Simonson Brothers of Wisconsin, Inc.

Simonson Brothers of Wisconsin, Inc

Historical Photograph

Our Story

History of Simonson

Simonson Brothers got its start with Bock Water Heaters. Bock Water Heaters opened its doors in 1929 when Oscar Bock (an engineer from Chicago) moved to Madison, WI, to market his invention of an automatic feed oil burner retrofitted for coal-fired furnaces. Harry Simonson (born in 1914) approached Oscar Bock for a job in 1934 at Bock’s plant in Madison, WI.

Harry Simonson lived and went to school near Bock’s plant (a garage on Winnebago St.), and Mr. Bock, as Harry always referred to him, was impressed with the young man’s boldness and hired him on the spot.

In a few short years, Simonson became supervisor of the line but, more importantly, was asked to do installations and repairs at night and on weekends. The likable Harry proved to be quite the salesman and was getting many referrals and sales of the new invention. The very intuitive Oscar Bock knew that Simonson was a much bigger asset as a salesman than a line worker, so he offered him Pennsylvania as a sales territory.

Pennsylvania had a large population base, and oil was becoming a very popular fuel source, so the potential was almost unlimited. However, Harry did not want to leave his friends and family in Madison, so he declined. Bock still wanted Harry as a salesman, so he offered him Wisconsin as a sales territory and set him up in the basement of Bock’s new plant on their present site of Dickinson Street, not far from the original location.

Harry had the potential, but he needed some help, so he talked his favorite brother (Edwin) away from a good-paying job to gamble on this new career. Hence, the Simonson Brothers started sales and service of Bock water heaters in the early 1940s.

In 1949, they pooled all the money they had to buy a chunk of land on Madison’s east side of East Washington Avenue and Hwy 30. They were then able to split the property and sell half to a truck company. With the extra money and escrow, they were then able to get a bank loan and build a building in 1950—our present location at 3106 Commercial Avenue.

Almost immediately, the Simonsons were able to expand their water heater offerings with lines from other manufacturers to feed the housing boom in Madison and all around Wisconsin. Population growth meant increased home building, apartment buildings, and schools—commercial applications where Simonson Brothers excelled.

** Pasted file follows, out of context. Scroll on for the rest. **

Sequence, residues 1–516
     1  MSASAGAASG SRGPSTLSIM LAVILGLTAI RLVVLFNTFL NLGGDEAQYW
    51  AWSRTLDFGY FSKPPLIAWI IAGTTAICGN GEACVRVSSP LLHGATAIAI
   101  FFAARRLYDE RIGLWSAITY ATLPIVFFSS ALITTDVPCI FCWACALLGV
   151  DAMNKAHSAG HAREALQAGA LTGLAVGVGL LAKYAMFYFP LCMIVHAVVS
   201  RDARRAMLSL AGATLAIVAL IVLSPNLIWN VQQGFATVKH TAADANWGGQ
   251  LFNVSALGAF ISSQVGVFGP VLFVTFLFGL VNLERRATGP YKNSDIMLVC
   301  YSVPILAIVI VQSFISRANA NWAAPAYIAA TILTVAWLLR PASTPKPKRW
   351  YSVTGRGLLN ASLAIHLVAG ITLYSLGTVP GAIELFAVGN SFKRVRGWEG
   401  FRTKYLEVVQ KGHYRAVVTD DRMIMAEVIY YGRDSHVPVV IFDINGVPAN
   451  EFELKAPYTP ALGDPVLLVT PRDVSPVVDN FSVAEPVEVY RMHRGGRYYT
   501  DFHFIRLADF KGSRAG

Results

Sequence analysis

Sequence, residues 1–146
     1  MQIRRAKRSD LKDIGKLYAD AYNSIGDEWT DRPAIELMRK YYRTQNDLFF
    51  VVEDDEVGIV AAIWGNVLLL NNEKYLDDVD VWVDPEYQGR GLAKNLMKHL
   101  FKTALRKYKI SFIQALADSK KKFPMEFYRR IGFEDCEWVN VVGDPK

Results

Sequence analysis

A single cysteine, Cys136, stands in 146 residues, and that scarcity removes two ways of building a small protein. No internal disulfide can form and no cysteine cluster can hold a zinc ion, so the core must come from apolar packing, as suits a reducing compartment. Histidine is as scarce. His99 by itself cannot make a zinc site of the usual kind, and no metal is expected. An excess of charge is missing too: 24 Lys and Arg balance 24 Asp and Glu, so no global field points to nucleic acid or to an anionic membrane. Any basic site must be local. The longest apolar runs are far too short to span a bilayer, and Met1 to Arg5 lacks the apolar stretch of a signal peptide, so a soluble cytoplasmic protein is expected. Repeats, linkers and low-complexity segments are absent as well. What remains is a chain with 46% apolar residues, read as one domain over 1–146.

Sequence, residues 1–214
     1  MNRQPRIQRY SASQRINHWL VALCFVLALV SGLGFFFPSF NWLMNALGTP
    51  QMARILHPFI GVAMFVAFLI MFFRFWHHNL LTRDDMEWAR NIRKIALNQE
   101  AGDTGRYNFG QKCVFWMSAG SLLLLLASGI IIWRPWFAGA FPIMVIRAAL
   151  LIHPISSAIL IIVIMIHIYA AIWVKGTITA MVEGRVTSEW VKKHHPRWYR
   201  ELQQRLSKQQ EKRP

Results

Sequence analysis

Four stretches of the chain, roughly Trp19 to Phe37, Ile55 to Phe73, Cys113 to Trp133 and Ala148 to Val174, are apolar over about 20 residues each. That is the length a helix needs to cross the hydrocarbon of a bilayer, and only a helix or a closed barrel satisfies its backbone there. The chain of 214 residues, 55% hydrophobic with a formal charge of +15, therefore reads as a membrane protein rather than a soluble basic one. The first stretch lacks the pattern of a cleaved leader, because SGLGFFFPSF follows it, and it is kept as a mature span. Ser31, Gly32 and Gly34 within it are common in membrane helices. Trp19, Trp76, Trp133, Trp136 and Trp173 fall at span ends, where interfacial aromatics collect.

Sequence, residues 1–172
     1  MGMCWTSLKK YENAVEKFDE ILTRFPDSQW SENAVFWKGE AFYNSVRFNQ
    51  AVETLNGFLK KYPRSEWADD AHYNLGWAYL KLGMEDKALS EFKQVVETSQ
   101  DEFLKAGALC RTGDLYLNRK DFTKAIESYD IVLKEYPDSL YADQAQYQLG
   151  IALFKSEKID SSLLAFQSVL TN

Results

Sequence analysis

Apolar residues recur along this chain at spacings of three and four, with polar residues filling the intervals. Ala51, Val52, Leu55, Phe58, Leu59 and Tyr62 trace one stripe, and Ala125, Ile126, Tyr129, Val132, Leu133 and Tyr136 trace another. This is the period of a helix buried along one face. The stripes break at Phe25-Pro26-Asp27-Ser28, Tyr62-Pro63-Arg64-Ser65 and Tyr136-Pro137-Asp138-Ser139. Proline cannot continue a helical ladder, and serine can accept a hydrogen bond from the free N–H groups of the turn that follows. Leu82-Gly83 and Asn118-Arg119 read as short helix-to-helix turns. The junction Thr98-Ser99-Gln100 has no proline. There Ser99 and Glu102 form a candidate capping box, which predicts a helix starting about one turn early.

Jeff Simonson (born 1950) was the youngest of Harry and Hazel’s three children, the only boy. After a 2-year enlistment in the Marine Corps during the Vietnam era, Jeff went on to the University of Wisconsin – Stout. He earned a Bachelor of Science Degree in Industrial Technology, majoring in Technical Sales and Service—an education that melded into the business of selling and supporting water heaters.

Simonson Brothers incorporated in 1976 as Simonson Bros. of Wis., Inc., designated Jeff as president, and started the retirement process for Harry and Edwin. Edwin died in 1982 of emphysema, which probably resulted from the working conditions of his factory job prior to working with his brother.

Harry Simonson was known as Bock’s Wisconsin representative for water heaters but is better known for his golf prowess and achievements. Inducted into the Wisconsin Golf Hall of Fame in 1968, Harry had a long list of championships throughout the state and beyond. A short list included five wins of the coveted Madison City title, three state runner ups, three state best ball partner championships, a national senior championship in Ohio, and a mini-tour win (against the pros) in Minneapolis, where he was given the winner’s jacket like they do at the Masters. Harry was playing and winning at golf almost right up to his death in 1990 at age 75.

Simonson, the water heater distributing company he founded way back in the 1940s, is still flourishing and has mapped its future with a 3rd generation, with Harry’s granddaughter Amy and her husband John (our President) at the helm. Young, fresh ideas adding new products and technologies make for a promising future.